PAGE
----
Many sites cover markets news and provide timely analysis but I wouldn’t single out any. We think we have sufficiently differentiated ourselves with our high-quality editorial offerings that focus on providing actionable ideas to investors. As such, we are not a news site per se. And while most of our competitors are free, we fortunately have been successfully charging for many years.
How do you decide what content is for subscribers, and what content is free?
It’s pretty straightforward. Our daily analysis is generally behind a pay wall. However, our videos, which editor Jack Otter is very effectively building out, are free as are our blogs: Tech Trader Daily (Tiernan Ray), Focus on Funds (Brendan Conway), Emerging Markets (Ben Levisohn), Income Investing (Michael Aneiro), Penta (Richard Morais) and Stocks to Watch. Our magazine content, published every Saturday morning, is for the most part behind the pay wall. But we do experiment with selectively making content free.
The site recently added a portfolio tracker. What was the reasoning?
The new portfolio is a larger Dow Jones initiative designed to encourage frequent usage. The service, provided by LikeAssets, allows readers to automatically and securely sync all their portfolios from more than 40 brokerage firms. The portfolio, which integrates Barron’s analysis and news from The Wall Street Journal, also includes breakdowns of asset allocation and visually alluring performance graphs. Readers can also track investments based on institution, beneficiary or goals.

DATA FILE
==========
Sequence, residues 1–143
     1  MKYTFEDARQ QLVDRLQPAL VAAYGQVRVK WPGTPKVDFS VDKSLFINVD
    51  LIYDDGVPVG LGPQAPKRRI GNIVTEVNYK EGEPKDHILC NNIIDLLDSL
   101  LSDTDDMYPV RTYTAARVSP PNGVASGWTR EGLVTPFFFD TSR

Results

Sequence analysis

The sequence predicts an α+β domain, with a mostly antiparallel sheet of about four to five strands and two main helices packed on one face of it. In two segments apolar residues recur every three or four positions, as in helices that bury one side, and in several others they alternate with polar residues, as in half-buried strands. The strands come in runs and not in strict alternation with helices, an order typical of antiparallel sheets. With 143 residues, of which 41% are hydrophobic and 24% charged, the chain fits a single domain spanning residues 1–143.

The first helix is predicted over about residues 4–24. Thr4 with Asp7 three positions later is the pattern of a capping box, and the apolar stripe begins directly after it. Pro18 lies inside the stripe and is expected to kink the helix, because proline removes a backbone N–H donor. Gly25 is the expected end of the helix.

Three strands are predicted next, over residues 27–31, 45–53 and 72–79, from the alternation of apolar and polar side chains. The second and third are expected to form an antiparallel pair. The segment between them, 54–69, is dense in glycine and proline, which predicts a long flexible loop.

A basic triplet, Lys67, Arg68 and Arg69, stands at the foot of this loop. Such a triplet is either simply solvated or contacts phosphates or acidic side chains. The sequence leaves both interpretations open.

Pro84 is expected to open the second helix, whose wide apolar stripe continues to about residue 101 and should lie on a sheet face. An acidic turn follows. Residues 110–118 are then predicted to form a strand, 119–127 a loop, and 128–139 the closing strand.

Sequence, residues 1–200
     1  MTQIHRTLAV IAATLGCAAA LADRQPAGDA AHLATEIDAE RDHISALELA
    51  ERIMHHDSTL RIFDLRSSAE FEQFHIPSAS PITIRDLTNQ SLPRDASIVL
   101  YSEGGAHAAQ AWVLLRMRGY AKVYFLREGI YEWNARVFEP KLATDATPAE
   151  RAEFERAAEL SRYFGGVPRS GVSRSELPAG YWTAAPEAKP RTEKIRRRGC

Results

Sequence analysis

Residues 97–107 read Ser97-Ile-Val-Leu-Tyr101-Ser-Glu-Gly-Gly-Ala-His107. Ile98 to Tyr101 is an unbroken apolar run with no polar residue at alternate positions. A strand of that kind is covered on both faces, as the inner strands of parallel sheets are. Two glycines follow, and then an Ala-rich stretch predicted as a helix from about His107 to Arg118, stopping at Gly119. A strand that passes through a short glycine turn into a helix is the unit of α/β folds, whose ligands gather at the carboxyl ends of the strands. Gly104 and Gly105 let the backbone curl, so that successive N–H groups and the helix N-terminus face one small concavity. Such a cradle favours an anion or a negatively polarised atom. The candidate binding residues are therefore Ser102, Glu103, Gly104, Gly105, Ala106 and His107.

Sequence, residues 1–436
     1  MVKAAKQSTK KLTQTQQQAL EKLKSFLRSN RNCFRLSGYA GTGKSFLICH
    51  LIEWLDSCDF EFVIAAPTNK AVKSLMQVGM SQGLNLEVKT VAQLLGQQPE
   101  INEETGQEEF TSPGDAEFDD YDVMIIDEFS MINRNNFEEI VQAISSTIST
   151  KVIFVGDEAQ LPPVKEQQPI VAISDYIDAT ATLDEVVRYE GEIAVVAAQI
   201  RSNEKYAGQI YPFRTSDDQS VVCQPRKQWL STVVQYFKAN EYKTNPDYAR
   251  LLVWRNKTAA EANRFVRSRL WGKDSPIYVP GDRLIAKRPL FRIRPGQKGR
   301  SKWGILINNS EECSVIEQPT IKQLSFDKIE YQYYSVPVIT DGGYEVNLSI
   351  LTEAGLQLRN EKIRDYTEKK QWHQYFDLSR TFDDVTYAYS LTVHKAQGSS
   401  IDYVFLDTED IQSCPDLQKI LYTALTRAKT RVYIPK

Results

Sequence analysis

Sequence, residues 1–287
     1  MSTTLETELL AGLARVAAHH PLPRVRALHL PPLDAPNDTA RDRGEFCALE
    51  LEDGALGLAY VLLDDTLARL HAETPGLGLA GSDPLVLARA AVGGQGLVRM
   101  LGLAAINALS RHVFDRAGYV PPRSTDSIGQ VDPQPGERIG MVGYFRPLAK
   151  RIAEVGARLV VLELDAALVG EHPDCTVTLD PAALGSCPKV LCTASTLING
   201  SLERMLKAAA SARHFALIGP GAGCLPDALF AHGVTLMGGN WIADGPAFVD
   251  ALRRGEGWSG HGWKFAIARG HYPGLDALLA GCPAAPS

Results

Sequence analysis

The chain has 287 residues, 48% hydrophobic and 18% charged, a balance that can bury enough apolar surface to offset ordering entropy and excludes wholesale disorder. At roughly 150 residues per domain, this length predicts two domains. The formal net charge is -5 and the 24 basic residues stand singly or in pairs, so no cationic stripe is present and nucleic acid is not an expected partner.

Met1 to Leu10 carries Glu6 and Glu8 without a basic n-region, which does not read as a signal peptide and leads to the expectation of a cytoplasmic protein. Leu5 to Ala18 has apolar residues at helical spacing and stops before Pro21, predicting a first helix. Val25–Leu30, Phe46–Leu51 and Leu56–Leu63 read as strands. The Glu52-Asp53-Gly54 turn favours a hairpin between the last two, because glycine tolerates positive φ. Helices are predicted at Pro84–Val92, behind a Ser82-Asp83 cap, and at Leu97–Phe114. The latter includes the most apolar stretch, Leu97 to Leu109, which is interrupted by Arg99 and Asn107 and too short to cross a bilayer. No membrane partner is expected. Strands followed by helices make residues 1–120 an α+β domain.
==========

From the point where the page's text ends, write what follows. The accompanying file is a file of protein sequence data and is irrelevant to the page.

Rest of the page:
Tell me about the new feature that analyzes markets coverage from other media.
Helmed by executive editor John Kimelman, Read This, Spike That was created early this year to help investors navigate an ever more cluttered media landscape. It’s easy to see why many feel overwhelmed by the abundance of investing advice hitting them. That’s why in John’s column he discusses the relative merit of a few stories each day, rating them on a one- to five-star basis. Ultimately, in a media-drenched environment, any guidance that can help readers navigate a complex and fast-moving market serves a useful purpose.
Does any of Barron’s content come from your sisters at The Wall Street Journal or Marketwatch?